These institutions support conservation while conducting research across the globe on species ranging from primates to insects and everything in-between. The aptly named Phoenix Zoo has spent 50 years bringing back the Arabian Oryx (think, desert deer) from the brink of extinction and has reintroduced the animal to its native habitat. The National Zoo in Washington, DC did the same with the golden lion tamarin. Countless other zoos have helped with these and the survival of other endangered species. Using the best science, zoos also have an international database of their animals to assist in breeding efforts and ensure the genetic diversity of future generations of animals.

Despite these benefits, PETA and similarly positioned animal groups are threatening lawsuits under the Endangered Species Act that would spell the end of zoos and aquariums in America. Their legal claim? Keeping animals in enclosures is a form of illegal “abuse” of endangered species. They call zoos “prisons.” Nonsense. Zoos are great for the animals that live in them. A recent study from the University of Zurich shows that more than 80% of mammalian species studied have longer lives in zoos than in the wild.

Groups like PETA love to point to elephants as a case study because they have shorter lives in captivity, but animals that are generally “long-lived” take much longer to study. New strategies implemented in the last 10 years won’t show up in data until after this generation of animals has died. So as scientists have learned more about elephants and improved their lives in zoos, the results of that labor haven’t been realized yet. It also ignores the fact that the public’s exposure to elephants in zoos and circuses likely help in efforts to end the ivory trade. The research done by veterinarians and zoologists help all animals in a given species, directly refuting claims by PETA that “while confining animals to zoos keeps them alive, it does nothing to protect wild populations and their habitats.” Probably the most famous example is the decades of research on Giant Pandas. Scientists around the world brought the beloved animal from the brink of extinction on the endangered species list to the much better “vulnerable species” list.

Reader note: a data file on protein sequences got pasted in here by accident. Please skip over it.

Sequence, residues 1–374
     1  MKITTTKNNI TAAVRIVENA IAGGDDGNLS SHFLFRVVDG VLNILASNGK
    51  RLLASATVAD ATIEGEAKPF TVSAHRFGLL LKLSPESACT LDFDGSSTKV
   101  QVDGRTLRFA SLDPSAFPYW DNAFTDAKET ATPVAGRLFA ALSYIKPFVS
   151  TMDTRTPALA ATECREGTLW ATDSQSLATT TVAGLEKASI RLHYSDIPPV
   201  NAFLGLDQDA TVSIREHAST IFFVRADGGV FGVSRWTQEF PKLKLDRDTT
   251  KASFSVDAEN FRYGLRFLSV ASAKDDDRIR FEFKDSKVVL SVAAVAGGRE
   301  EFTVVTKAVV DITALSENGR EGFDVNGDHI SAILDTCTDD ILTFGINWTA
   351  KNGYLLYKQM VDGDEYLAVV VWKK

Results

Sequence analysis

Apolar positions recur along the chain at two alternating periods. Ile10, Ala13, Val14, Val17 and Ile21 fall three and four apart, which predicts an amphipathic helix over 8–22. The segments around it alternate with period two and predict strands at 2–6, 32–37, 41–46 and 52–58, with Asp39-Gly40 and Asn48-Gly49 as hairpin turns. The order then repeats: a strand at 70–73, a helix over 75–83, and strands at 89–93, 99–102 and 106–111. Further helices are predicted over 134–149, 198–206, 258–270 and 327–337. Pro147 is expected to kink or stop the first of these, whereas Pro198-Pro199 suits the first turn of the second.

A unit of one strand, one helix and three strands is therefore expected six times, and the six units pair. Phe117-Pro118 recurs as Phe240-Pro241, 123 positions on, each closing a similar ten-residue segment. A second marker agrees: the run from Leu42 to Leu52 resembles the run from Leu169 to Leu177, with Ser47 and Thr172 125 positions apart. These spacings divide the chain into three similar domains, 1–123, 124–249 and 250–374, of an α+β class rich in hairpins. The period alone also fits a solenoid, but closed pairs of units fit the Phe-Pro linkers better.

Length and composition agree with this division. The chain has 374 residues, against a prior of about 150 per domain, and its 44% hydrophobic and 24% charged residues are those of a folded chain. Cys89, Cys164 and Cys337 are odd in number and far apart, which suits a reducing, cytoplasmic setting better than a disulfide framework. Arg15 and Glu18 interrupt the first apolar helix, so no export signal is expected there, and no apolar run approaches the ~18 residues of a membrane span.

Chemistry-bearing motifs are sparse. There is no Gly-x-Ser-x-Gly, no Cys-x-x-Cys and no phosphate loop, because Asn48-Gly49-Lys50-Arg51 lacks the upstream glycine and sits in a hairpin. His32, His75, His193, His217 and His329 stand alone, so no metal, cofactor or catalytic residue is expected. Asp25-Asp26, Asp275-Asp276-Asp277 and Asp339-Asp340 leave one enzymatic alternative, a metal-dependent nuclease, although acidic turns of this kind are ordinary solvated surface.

Not only will anti-zoo efforts harm the animals themselves, which are not fit to be in the wild, but they will also destroy valuable educational experiences and local communities. Children’s physical exposure to animals—not just from books or tablets—is a key learning experience. Moreover, zoos and aquariums added nearly $20 billion to the U.S. economy from nearly 170 million visitors in 2012.

It’s important to understand that ultimately groups like PETA (or its cousin, the Humane Society of the United States) don’t want to make better zoos. They want to phase out the use of animals—whether at a zoo, on a farm, or at a circus. Some activists go so far as to question the ethics of pet ownership. Serious issues are facing animals of all stripes and in all corners of the globe. If organizations like PETA and HSUS have their way, it will be more than zoos and aquariums that go extinct. Will Coggin is the research director for the Center for Consumer Freedom in Washington, D.C.

Top 6 myths about zoos

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Source: https://zoospensefull.com/2017/06/20/top-5-myths-zoos/

We all meet these myths almost every day. Lets just bust them once and for all, ok? Feel free to share and use, as you please.

Six rays are born in the aquarium of Loro Parque

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Once again the Aquarium of Loro Parque has been successful with its breeding program. This time six young, strong and healthy, rays (Dasyatis Americana), in the Canaries known as “chucho”, were born.

After an uncomplicated birth, the team of professionals in the aquarium decided to keep the youngsters in a floating tank within the big exhibition tank. This way they guaranteed that the newborns don’t suffer any brusque water changes but are protected from all other fish that lives in the big exhibition.

These rays are Elasmobranchii of the Dasyatis family, whose area of ​​expansion is confined to the tropical and subtropical seas of the southern Atlantic Ocean, the Caribbean Sea and the Gulf of Mexico. They have a flat, diamond-shaped body, which is mud brown on top and white on the belly.

It is a species that tolerates wide ranges of temperature and salinity and feeds on large invertebrates. Its reproduction is viviparous and can produce between 4 to 7 offspring. The gestation period is quite short compared to other species of rays; it only lasts four months allowing females to reproduce twice a year. The average size of these specimens is 40 cm wide, although the maximum records are 60 cm for females and 57 cm for males.

Loro Parque once again shows its commitment to the protection and conservation of animals, demonstrating the success of its breeding system within a philosophy that has turned the zoo into the embassy of exotic animals.